I like this camera, more than I thought I would. After a bit of time with the Olympus E-M5 and Sony NEX-7, I really see the Fuji X-E1 as a clear winner in the IQ and usability areas. It would outright lose in an AF battle, so keep that in mind if that is truly a deciding factor for you. It does seem to be a slightly sexier (physically and IQ wise) option than any of its current competitors. Being the optical viewfinder kind of guy that I am, I would still go for an Fuji X-Pro1 over this (especially with the recent price drop!). But, if squeezing out an extra $400 really isn’t an option or you don’t care for the hybrid viewfinder on the X-Pro1, this camera is the most viable option on the market for serious shooters looking into the mirrorless market and craving a true manual control experience with a good EVF built right in. Also, if you are one of the millions who are adapting older lenses for use with the X-Series, this camera really is a better choice over the X-Pro1 because of its improved EVF would be much more usable in manually focusing those gorgeous Summicrons. All in all, I would totally see this camera in my bag in the near future, but only after there’s an X-Pro1 in there first.
See full article on weeder.org
Google Translater (ENG): http://bit.ly/12h3TBQ
Ich verkomme langsam zum Fotografie-Technikblog. Mein Problem ist im Moment, dass ich zwischen diversen Stühlen sitze. Aber eines nach dem Anderen. Ich schrieb in den vergangenen Monaten häufig davon, dass ich eine Kamera suche, die GPS und Wifi eingebaut hat. Jetzt habe ich die X-E1 gekauft, die ohne beides daher kommt. Wie passt das zusammen?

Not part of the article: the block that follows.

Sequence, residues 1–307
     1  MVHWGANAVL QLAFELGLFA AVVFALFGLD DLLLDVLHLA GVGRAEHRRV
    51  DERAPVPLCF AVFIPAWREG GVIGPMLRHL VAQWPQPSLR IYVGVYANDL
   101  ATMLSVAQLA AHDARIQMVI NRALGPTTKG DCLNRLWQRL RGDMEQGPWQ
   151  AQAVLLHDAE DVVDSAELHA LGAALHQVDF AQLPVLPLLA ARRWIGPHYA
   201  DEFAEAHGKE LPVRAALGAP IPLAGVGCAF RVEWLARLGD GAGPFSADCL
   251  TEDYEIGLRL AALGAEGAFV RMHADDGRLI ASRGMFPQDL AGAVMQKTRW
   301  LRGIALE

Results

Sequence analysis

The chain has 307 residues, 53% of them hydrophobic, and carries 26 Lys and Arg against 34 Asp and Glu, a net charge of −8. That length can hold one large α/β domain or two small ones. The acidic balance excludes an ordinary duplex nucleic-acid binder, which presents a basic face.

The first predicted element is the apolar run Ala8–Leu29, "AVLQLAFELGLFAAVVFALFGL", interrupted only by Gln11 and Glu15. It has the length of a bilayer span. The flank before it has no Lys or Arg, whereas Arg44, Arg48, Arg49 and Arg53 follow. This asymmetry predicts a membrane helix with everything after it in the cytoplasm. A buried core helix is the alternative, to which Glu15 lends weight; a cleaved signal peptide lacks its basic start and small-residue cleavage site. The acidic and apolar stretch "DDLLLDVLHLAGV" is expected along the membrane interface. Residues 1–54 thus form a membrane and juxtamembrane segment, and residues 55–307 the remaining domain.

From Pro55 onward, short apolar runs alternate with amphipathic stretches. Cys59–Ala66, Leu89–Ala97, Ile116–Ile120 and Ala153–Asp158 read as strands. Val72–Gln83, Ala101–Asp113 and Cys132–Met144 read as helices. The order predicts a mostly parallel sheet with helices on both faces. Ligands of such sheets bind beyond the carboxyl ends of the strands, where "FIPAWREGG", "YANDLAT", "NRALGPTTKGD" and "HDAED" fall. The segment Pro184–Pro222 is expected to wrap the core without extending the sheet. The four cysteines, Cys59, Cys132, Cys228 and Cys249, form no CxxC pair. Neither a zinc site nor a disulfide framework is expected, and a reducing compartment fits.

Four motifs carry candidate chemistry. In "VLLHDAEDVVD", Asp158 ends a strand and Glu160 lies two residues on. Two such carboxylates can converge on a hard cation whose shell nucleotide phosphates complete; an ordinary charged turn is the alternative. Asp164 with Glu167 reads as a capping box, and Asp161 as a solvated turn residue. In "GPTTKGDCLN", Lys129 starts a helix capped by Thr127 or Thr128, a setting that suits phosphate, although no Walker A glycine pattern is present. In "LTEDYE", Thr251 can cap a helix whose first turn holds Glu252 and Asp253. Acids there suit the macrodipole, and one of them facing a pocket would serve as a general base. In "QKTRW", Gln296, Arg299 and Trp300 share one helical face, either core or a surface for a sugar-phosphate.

Da ich das Gefühl habe, die Geschichte in letzter Zeit immer wieder zu erzählen, hier nur die Kurzfassung: Meine Canon EOS 450D ist de facto hinüber. Ende Dezember/Anfang Januar bin ich in New York und brauche eine Kamera, also bestellte ich die Canon 6D vor. Amazon sagt aber, die kommt zu spät. Also sondierte ich den Kameramarkt.
Vor einigen Wochen platzte mir dann der Kragen und ich bestellte einfach, was meiner Vorstellung von einer kompakten Kamera am nächsten kam, die Sony Alpha NEX 5R. Obwohl sie mich in Teilen überzeugte, war sie nicht das Richtige. Die Bildleistung war in Ordnung, aber nicht überragend und die Bedienung fühlte sich nicht wie eine Kamera an, sondern wir eine Mischung aus einem Mobiltelefon und einem frühen Telespiel.
Dann las ich von der Fujifilm X-Pro1 und deren Chip, der durch den Verzicht auf einen AA-Filter und eine neue Pixelanordnung knackscharfe Bilder auf Augenhöhe mit einer 5D MarkII machen würde. Dann las ich weiter, dass Fuji den gleichen Chip in der neueren und kompakteren X-E1 verbaut. Das hat mir gereicht und ich habe es ausprobiert…..
See full review on dantz.me